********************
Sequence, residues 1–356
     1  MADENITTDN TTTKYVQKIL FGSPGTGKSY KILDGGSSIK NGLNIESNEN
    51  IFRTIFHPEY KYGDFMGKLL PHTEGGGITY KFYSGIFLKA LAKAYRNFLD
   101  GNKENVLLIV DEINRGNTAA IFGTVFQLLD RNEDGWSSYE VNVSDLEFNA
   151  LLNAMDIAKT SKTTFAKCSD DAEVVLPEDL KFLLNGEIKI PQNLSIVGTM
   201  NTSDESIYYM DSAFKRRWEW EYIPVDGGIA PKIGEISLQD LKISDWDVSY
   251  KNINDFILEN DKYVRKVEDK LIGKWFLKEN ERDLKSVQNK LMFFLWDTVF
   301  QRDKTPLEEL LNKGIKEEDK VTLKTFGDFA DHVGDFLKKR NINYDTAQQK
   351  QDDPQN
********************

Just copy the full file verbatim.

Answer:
Sequence, residues 1–356
     1  MADENITTDN TTTKYVQKIL FGSPGTGKSY KILDGGSSIK NGLNIESNEN
    51  IFRTIFHPEY KYGDFMGKLL PHTEGGGITY KFYSGIFLKA LAKAYRNFLD
   101  GNKENVLLIV DEINRGNTAA IFGTVFQLLD RNEDGWSSYE VNVSDLEFNA
   151  LLNAMDIAKT SKTTFAKCSD DAEVVLPEDL KFLLNGEIKI PQNLSIVGTM
   201  NTSDESIYYM DSAFKRRWEW EYIPVDGGIA PKIGEISLQD LKISDWDVSY
   251  KNINDFILEN DKYVRKVEDK LIGKWFLKEN ERDLKSVQNK LMFFLWDTVF
   301  QRDKTPLEEL LNKGIKEEDK VTLKTFGDFA DHVGDFLKKR NINYDTAQQK
   351  QDDPQN